“I’m not going anywhere,” Clay Matthews told himself.
Sure, his contract had expired, and his 33rd birthday loomed just months away. And he knew he hadn’t had his most productive season while adjusting to a new defensive coordinator and more restrictive system.
But as free agency approached, the former all-pro pass rusher really believed his time in Green Bay would extend to an 11th season and beyond.
A decade’s worth of work, a Super Bowl trophy, six Pro Bowls and the franchise record for sacks had to account for something, he figured.
But in the end, they didn’t.
Just before the official start to the NFL’s free agent window, Matthews’ phone rang, and on the other end was Packers general manager Brian Gutekunst.
“When the decision was made that I wasn’t coming back to Green Bay, you’re obviously taken aback, thinking I had put in a decade of work there, probably going to finish your career out there,” Matthews told USA TODAY Sports in a recent interview. “It was right up against the wire. We thought we were coming back, but I think they were trying to make some moves. I think they would’ve liked to have me back, but all the while they were trying to wheel and deal, which sometimes, you just want to be talked to like a man, ‘Here’s what’s going on.’”
Soon after Matthews did finally get the blunt assessment of his standing with the franchise that drafted him in the first round of 2009, word of his status spread around the league. He didn’t have much time to process the change, as the Los Angeles Rams quickly made a strong pursuit for his services.
Los Angeles Rams linebacker Clay Matthews (52) during training camp at UC Irvine. (Photo: Kirby Lee, Kirby Lee-USA TODAY Sports)
Head coach Sean McVay, defensive coordinator Wade Phillips and linebackers and assistant head coach Joe Barry all pitched that Matthews bring his talents to another familiar place: Southern California, where he had grown up, played his high school and college ball.
“Everybody wants to finish their career – well, for the most part, everybody – with the same team if they have a long, prosperous career in one city,” Matthews said. “But for the Rams – Sean, Wade and Joe B. – to be so gung-ho as soon as I was a free agent and to really want me to come and be a part of the Rams, I think that’s what really sold me. … It wasn’t just me ‘Hey, I want to play for you guys.’ It was ‘We want you,’ on top of the free agent move of re-signing Dante (Fowler) and with a line of (Aaron Donald and Michael Brockers), it’s a pretty mean defensive front.”
Matthews signed a two-year, $9.25 million contract with the Rams and now feels like things couldn’t have worked out more perfectly. He loves being back in California. He loves the way he fits in Phillips’ system. And he envisions a career resurgence while helping the Rams contend once again for the Super Bowl.
Fit is everything in the NFL, and Matthews acknowledges his skill set didn’t mesh with that of Packers defensive coordinator Mike Pettine, who last season succeeded Dom Capers, Matthews’ coach for the previous nine years. But the Rams did offer that fit. Phillips’ scheme and philosophies on how to use his players perfectly aligned with Matthews’ ideals.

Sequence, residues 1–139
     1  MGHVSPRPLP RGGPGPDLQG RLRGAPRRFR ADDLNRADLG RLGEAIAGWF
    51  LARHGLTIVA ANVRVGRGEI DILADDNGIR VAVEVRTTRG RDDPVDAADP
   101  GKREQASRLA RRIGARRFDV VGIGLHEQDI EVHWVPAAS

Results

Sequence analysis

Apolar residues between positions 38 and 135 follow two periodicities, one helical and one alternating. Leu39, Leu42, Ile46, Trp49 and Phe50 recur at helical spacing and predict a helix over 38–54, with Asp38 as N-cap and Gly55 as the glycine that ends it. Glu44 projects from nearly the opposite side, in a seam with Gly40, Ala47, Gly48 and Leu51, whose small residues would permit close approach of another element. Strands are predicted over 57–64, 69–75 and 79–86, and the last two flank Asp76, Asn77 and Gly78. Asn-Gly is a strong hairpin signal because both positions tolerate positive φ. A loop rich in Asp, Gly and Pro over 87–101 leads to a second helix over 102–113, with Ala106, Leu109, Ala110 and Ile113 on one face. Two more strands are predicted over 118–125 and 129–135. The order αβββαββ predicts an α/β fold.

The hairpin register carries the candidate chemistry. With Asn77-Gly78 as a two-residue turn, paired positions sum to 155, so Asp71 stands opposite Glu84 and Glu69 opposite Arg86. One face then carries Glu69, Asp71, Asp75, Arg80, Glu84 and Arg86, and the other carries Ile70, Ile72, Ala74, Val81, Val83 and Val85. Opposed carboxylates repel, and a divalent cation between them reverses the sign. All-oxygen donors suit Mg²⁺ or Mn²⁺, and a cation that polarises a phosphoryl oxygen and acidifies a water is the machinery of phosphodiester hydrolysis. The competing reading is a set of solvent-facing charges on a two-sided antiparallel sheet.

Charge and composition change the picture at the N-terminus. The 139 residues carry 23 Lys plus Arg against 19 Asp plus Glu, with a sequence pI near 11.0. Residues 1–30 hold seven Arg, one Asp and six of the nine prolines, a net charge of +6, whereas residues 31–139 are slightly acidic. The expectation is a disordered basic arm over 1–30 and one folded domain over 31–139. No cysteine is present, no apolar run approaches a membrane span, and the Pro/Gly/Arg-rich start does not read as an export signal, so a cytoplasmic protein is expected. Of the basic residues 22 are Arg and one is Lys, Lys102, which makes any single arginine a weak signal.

“Wade takes the talent he’s given and he puts them in the best position to succeed,” Matthews said.
Matthews then went on to explain how Phillips and Barry plan to utilize him.
“Just be myself, really,” he explained “That’s what’s so great, because my first nine years of playing with Dom Capers: true 3-4, Sam and Will ‘backer, dropping into coverage, rushing off the edge, stunting inside, lining up wherever. I’m doing the same thing. That’s where I think it got a little challenging last year. We had a new defensive coordinator and the defense overall played better, but at the same time, my role was greatly reduced, and it just didn’t allow for me to make those plays.”
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The Rams see Matthews as an extremely savvy and versatile player who can be used as a wild card to throw offenses off.
Given his fit with the coaching staff, Matthews predicts a big year. He looks at Phillips’ work in Denver with a pass-rushing tandem that featured a young, explosive player (Von Miller) and an aging – but still effective – running mate (DeMarcus Ware) and believes he and Fowler can have similar success.
“DeMarcus is a Hall of Famer, but was in a similar situation where I don’t think much was expected, but he was ripping off double-digit sacks with Von on the opposite side, so I envision myself being same position and having same amount of success,” Matthews said.
The Coliseum didn’t house an NFL team during Matthews’ time at USC, but once the Rams moved back there in 2016, Matthews did think a homecoming would offer a special appeal toward the end of his career.
“I did say, ‘Hey, L.A. would be a neat location to fall into,” he said. “But to see it come true a few short years later, I definitely didn’t envision that.”
Matthews acknowledges that “in time, everyone will remember me as a Packer.” But for now, he believes there’s no place like home as he embarks on a quest for another Lombardi Trophy while proving he remains a force in this league.
Things don’t always work out as originally planned in the NFL, but it looks like Matthews couldn’t have asked for a better Plan B.
Follow Mike Jones on Twitter @ByMikeJones.